Who does the show blame for this? It would seem that the students and the parents are the problem. Not one student was portrayed in a positive light. Besides the cast of characters in the examples above, there was an overly intelligent girl who runs a controversial student website, breeding gossip and mocking teachers with offensive cartoons. There is a clique of no-brained "cool" girls. There is the student who writes "BITCH" with spray paint on the chalkboard of one of the teachers who is failing the football star. Above all, there is the repeated message that "they don't want to learn."

The kids are products of parents who only care about their education when there's a problem, according to the show. The football star's dad says to the "BITCH" teacher, (paraphrase) "I'm aware of how I've failed with my child's education, but this time, it's you who is failing him," as he tries to pressure her to pass his son so he can get his football scholarship. The parents of the unteachable ruffians in the basement class fill the main office in mob fashion, after their new teacher fires a gun in class, in a last-ditch effort to get attention and respect. The principal shoos them away with "He will be dealt with," while refusing to answer when they ask "How?" (The gun-firing teacher, by the way, gets a verbal final warning from the vice-principal, and a warning from the principal that the next time, their friendship won't stop him from firing him.)

I don't necessarily agree or disagree with the producer's choice of villains and heroes- but no matter what David E. Kelley wanted me to think, I came away with this: School is no place for kids to be- particularly not if they want an education.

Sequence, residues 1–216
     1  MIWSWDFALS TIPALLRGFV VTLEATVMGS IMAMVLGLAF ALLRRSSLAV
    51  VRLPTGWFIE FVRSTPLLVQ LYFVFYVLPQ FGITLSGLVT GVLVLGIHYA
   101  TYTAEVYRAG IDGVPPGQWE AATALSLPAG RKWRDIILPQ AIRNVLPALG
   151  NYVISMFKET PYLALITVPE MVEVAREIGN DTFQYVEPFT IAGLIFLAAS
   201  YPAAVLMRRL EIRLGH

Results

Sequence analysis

Over the past twenty years, the homeschooling movement has grown by leaps and bounds, and has reached a level of public acceptance where it's something every parent can consider embarking upon. And while there are still significant hurdles involved with homeschooling, "Boston Public" should give any parent reason to give it a more than a little thought.

All of the mini-nightmares depicted in the examples above are, I propose, a natural by-product of a school-based education. I think we as a nation sometimes fail to understand how unnatural our average school environment is. In many ways, schools are as unnatural an environment as prisons are. There are certain things that come about in certain settings, and there are some things that we can expect to happen in schools, no matter what we do. After all, whatever you think of prison riots, it's unlikely that you find them surprising.

Well, we don't have riots in schools (yet), but there are definitely things which we can expect to happen in just about every school, and "Boston Public" lays them out for all to see.

Sexuality Problems

In middle and high school, sexual urges consume the thoughts of many students. And while sexual development and curiosity is natural, school amplifies, distorts, and confuses the issue for most students. The years of close contact with hundreds of their peers, the awkward situations, the pressure on appearance, and other factors commingle to send most kids on a 6-year emotional roller coaster from the onset of puberty until their graduation party. In this week's "Boston Public," this manifests itself with Dana Poole, a sexy, manipulative girl who fools around with her teacher, blackmails him, and doesn't wear a bra.

The thing you don't see is that 200 lonely guys at Boston Public ride an emotional roller coaster every day, and it's driven by Dana Poole and her friends. Force 200 lonely guys to spend 6 years squirming in their seats as they fantasize about their sexy female peers who they won't ever be with, and you will produce a certain percentage of rapists. It's an expectable reaction to an unnatural situation.